In the epic whatwg/html#433 pull request, we worked on specifying these missing semantics. This involved a lot of deep changes to the script execution pipeline, to better integrate with the modern JavaScript spec. The WHATWG community had to discuss subtle issues like how cross-origin module scripts were fetched, or how/whether the async, defer, and charset attributes applied. The end result can be seen in a number of places in the HTML Standard, most notably in the definition of the script element and the scripting processing model sections. At the request of the Edge team, we also added support for worker modules, which you can see in the section on creating workers. (This soon made it over to the service workers spec as well!) To wrap things up, we included some examples: a couple for <script type="module">, and one for module workers.

Of course, specifying a feature is not the end; it also needs to be implemented! Right now there is active implementation work happening in all four major rendering engines, which (for the open source engines) you can follow in these bugs:

And there's more work to do on the spec side, too! There's ongoing discussion of how to add more advanced dynamic module-loading APIs, from something simple like a promise-returning self.importModule, all the way up to the experimental ideas being prototyped in the whatwg/loader repository.

We hope you find the addition of JavaScript modules to the HTML Standard as exciting as we do. And we'll be back to tell you more about other recent important changes to the world of WHATWG standards soon!

Posted in Elements, Processing Model, WHATWG | 5 Comments »

Standards development happening on GitHub

Monday, February 1st, 2016

(This post is a rough copy of an email I sent to the mailing list.)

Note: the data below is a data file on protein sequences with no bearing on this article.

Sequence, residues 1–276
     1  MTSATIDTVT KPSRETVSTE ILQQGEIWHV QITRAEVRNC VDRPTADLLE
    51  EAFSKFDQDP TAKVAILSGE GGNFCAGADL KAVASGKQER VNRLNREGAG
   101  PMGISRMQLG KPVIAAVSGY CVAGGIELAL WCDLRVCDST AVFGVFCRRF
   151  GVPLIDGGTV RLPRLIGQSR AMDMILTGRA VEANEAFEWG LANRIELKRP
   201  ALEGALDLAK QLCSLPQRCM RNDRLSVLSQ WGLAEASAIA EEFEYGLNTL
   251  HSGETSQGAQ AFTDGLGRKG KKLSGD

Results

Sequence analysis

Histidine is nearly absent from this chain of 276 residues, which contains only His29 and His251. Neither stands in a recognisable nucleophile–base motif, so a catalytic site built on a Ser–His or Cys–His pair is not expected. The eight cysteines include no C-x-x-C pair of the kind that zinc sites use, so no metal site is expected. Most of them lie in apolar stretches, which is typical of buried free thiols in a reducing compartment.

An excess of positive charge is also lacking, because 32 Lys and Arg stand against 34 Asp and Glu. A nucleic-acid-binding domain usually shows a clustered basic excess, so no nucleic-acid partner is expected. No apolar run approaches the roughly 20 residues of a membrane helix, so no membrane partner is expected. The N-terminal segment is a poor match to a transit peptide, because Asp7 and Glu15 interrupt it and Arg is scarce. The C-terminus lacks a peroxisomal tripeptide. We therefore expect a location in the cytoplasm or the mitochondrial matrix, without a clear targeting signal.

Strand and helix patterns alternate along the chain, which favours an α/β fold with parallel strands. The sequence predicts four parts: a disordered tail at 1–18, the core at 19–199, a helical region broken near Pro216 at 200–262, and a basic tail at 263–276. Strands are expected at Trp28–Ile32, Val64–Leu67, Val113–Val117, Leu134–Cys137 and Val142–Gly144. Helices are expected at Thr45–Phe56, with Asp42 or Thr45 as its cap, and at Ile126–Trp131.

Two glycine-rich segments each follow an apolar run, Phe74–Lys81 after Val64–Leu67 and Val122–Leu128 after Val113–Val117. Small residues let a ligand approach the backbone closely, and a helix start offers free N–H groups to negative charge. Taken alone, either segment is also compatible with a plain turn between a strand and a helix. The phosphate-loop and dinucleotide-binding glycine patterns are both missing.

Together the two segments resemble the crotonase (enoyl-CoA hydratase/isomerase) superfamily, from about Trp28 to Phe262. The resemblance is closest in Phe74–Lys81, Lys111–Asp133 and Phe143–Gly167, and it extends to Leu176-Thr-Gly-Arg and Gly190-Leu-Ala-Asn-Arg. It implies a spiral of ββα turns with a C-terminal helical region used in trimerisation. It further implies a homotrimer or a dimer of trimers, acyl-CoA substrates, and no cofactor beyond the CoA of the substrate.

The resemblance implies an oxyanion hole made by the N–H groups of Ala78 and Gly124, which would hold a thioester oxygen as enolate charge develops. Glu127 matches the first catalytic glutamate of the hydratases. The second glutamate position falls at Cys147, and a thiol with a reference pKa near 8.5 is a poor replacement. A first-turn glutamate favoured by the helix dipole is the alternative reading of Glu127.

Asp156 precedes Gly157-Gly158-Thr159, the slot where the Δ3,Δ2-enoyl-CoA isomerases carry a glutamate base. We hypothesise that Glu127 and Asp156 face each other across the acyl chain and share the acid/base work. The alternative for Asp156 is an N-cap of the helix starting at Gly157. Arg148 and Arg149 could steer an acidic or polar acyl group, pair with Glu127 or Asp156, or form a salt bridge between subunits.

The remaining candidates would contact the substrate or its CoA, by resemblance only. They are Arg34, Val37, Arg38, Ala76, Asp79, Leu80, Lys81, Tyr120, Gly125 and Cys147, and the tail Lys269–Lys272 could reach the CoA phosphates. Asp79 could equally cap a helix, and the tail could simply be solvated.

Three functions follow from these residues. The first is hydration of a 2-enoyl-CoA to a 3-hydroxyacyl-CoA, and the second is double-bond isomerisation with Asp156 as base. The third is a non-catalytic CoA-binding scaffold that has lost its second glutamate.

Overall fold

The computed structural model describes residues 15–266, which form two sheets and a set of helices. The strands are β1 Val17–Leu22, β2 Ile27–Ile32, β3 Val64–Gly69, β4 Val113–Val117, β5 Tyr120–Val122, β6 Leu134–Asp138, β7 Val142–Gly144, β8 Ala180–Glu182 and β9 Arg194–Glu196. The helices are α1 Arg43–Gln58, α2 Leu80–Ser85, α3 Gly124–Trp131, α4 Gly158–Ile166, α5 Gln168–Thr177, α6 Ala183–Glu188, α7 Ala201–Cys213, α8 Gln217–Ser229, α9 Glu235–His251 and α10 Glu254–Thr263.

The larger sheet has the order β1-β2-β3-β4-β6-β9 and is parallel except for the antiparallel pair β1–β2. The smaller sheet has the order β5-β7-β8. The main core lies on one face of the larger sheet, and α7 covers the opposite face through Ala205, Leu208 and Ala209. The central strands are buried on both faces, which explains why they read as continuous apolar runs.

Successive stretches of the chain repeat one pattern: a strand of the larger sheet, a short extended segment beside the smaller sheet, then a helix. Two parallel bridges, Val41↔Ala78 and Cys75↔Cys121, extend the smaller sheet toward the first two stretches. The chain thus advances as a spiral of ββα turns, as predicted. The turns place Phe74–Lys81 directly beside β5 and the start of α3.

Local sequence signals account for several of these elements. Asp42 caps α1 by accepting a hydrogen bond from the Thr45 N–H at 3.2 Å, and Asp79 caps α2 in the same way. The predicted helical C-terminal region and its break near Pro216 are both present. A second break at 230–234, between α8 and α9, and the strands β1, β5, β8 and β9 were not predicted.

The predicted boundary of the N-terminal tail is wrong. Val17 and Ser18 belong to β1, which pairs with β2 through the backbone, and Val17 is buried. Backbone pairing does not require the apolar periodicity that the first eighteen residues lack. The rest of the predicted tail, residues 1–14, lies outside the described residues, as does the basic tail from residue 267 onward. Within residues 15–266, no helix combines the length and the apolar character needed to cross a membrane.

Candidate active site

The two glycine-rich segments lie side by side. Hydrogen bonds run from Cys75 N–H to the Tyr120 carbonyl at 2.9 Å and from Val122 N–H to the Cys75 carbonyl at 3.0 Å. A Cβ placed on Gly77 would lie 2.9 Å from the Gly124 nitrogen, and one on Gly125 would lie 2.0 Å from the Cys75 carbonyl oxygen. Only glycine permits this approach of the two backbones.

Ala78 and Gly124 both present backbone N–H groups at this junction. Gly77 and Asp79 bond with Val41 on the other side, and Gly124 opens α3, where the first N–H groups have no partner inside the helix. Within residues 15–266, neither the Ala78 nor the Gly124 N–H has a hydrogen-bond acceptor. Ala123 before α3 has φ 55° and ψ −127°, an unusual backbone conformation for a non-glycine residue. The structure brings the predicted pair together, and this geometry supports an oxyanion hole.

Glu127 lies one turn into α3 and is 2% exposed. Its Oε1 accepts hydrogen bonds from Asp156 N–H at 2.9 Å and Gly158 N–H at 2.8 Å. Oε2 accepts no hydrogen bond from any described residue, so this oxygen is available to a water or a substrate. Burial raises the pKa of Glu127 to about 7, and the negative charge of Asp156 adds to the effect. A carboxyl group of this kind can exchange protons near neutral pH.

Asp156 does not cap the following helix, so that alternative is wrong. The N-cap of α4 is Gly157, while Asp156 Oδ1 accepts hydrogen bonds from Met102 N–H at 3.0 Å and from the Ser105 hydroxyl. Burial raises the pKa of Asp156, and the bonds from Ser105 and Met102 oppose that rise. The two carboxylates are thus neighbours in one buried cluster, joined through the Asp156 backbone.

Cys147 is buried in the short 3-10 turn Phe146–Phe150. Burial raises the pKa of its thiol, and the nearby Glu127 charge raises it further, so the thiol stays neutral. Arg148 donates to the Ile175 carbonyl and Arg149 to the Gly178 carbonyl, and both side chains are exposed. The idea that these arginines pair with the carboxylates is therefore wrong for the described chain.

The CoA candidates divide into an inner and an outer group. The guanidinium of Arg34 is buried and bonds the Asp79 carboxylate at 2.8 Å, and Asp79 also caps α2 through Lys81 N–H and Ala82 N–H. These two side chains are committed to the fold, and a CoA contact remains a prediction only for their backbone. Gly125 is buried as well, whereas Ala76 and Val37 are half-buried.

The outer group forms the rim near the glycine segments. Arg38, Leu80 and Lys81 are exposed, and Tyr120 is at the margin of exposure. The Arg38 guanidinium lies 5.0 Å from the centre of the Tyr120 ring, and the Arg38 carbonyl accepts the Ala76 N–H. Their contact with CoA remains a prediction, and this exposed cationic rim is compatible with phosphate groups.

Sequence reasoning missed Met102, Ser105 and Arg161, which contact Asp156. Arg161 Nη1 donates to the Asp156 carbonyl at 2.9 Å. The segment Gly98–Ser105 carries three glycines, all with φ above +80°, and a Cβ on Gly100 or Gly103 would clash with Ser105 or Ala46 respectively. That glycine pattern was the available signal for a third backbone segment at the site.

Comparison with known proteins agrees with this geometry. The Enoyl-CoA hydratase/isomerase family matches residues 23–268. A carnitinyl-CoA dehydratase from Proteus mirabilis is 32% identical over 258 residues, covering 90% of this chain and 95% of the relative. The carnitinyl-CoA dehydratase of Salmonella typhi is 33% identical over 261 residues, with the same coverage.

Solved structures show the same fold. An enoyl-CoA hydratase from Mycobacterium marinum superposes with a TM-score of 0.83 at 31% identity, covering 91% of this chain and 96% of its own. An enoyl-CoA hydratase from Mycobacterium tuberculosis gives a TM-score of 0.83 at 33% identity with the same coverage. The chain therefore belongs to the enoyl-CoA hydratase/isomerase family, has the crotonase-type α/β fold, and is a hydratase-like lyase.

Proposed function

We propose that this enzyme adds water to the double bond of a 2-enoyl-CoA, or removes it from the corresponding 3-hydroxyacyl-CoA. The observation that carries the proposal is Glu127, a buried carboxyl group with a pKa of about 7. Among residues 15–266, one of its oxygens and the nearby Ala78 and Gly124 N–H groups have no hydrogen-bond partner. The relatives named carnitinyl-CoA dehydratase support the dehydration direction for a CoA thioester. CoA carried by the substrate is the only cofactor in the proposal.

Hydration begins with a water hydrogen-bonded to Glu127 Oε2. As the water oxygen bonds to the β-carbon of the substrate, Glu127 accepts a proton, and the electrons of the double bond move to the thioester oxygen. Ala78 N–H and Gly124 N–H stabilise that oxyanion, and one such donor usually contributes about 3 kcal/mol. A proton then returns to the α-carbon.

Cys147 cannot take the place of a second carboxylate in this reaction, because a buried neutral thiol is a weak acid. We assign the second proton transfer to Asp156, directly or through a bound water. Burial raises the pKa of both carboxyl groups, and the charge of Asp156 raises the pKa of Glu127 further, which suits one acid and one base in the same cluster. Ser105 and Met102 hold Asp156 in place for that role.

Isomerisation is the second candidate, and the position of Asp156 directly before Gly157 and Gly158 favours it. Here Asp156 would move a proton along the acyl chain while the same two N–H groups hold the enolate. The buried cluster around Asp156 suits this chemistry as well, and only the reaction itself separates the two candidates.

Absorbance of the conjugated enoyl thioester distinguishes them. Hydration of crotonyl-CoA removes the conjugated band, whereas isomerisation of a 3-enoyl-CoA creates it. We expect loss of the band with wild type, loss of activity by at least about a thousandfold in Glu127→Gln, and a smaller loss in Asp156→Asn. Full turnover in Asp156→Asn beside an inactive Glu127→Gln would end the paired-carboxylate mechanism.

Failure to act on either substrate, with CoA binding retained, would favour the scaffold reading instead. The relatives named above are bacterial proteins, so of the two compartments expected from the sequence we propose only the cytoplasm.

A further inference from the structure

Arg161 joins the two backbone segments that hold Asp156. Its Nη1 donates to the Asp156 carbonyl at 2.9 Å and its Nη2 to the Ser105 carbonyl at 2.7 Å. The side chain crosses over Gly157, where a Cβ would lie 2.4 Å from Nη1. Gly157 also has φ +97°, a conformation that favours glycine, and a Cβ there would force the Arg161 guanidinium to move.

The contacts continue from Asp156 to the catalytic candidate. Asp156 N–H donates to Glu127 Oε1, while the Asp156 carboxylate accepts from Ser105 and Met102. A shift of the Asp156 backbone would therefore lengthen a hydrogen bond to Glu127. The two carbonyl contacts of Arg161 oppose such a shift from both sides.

I wanted to remind the community that currently all WHATWG standards are being developed on GitHub. This enables everyone to directly change standards through pull requests and start topic-based discussion through issues.

GitHub is especially useful now that the WHATWG covers many more topics than “just” HTML, and using it has already enabled many folks to contribute who likely would not have otherwise. To facilitate participation by everyone, some of us have started identifying relative-easy-to-do issues across our GitHub repositories with the label “good first bug”. (See also good first bugs on Bugzilla. New issues go to GitHub, but some old ones are still on Bugzilla.) And we will also continue to help out with any questions on #whatwg IRC.

You should be able to find the relevant GitHub repository easily from the top of each standard the WHATWG publishes. Once you have a GitHub account, you can follow the development of a single standard using the “Watch” feature.

There are no plans to decommission the mailing list — but as you might have noticed, new technical discussion there has become increasingly rare. The mailing list is still a good place to discuss new standards, overarching design decisions, and more generally as a place to announce (new) things.